Jean Lannes (1769-1809), Duke of Montbello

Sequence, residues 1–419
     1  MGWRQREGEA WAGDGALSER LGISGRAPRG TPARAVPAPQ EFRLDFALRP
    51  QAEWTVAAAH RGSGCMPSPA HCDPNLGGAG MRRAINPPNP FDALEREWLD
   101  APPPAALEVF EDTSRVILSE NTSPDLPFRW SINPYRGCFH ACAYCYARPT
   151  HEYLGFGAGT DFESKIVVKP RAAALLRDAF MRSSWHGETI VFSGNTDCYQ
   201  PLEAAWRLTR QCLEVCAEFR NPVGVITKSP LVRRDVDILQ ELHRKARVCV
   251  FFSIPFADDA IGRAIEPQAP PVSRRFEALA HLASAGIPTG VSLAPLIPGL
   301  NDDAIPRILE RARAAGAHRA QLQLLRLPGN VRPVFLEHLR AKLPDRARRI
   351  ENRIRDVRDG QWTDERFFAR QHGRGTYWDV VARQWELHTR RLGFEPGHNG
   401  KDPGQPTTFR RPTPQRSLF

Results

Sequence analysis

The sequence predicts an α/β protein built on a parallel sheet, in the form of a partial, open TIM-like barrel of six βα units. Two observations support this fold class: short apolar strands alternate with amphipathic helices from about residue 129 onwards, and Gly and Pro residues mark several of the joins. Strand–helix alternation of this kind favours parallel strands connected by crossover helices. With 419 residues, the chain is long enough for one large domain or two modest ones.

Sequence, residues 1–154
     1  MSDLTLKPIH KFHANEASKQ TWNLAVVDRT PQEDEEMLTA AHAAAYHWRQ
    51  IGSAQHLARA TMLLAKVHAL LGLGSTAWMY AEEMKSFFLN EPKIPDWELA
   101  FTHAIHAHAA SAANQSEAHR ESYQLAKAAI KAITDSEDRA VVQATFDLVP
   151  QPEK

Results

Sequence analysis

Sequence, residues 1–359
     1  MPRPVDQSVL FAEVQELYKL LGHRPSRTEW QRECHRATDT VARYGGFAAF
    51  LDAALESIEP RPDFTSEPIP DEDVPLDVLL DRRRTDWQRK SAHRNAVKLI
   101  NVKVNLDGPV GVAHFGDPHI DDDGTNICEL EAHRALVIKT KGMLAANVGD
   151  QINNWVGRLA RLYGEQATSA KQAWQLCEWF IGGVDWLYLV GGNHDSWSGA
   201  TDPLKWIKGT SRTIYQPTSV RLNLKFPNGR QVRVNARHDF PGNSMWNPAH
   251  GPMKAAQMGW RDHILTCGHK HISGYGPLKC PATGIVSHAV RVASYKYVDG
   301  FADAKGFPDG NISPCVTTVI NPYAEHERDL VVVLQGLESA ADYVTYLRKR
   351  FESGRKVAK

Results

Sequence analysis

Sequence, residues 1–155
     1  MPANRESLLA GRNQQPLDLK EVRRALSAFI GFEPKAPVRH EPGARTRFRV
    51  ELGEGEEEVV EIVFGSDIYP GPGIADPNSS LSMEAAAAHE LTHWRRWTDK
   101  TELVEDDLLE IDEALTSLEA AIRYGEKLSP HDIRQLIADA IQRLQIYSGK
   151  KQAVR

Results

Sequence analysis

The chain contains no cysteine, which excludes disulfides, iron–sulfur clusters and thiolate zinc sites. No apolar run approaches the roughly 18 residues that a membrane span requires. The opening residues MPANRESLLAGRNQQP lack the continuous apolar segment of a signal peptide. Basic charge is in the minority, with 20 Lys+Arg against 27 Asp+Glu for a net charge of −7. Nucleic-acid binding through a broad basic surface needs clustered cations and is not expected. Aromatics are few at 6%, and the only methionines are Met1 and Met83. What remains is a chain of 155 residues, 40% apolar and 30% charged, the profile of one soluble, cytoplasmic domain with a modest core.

The son of a stable hand, Jean Lannes was a dry cleaner’s apprentice before enlisting in a battalion of volunteers in 1792. After rising to the rank of chef de brigade, he was dismissed in 1795 for political reasons, but rejoined as a private in the Army of Italy, quickly earning a reputation for conspicuous bravery. In the Italian Campaign, his exploits at Lodi and Arcola would become the basis for a lasting friendship with Napoleon. In Egypt, he was among the small cadre of officers to return to France in October of 1799 to take part in the coup d’etat of 18 Brumaire. In 1800, now a major-general, Lannes led the French vanguard across the Alps and scored a hard-won victory at Montebello, for which he received a dukedom. At Marengo, he commanded the French right and was responsible for delaying the Austrian advance long enough to allow the army to regroup. During the 1809 Campaign, he commanded the vanguard during the initial crossing of the Danube but was cut off from the rest of the army when enemy rams destroyed a pontoon bridge. During the fighting at Aspern/Essling, he was struck in the legs by a cannonball and died of his wounds six days later.